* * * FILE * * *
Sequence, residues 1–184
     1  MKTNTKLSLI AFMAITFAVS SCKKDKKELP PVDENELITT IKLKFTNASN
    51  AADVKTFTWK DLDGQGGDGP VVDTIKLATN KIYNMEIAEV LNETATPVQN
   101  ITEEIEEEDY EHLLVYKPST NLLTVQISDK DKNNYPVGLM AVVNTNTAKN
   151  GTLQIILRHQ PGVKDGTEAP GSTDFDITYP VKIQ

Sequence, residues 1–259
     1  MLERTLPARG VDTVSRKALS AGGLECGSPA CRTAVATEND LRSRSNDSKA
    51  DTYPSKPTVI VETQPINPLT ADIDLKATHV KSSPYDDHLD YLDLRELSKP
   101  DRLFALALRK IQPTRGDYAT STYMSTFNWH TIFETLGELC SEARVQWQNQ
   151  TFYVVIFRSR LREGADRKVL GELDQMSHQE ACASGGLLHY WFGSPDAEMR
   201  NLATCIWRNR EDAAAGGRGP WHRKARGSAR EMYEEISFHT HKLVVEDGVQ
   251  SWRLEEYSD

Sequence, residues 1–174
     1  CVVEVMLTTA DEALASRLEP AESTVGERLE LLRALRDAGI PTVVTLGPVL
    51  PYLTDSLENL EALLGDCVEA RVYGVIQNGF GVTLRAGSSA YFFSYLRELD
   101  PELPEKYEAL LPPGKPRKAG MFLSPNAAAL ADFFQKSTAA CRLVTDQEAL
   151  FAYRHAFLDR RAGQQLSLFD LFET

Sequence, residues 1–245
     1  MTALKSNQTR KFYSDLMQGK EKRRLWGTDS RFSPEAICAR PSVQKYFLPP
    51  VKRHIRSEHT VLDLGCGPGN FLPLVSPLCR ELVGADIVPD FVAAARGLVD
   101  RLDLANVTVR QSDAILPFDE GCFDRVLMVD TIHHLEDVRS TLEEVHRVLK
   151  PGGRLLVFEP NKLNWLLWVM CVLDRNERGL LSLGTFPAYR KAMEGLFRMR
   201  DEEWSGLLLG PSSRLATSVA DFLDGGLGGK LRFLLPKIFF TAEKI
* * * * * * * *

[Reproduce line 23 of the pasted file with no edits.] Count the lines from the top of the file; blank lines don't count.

   201  DEEWSGLLLG PSSRLATSVA DFLDGGLGGK LRFLLPKIFF TAEKI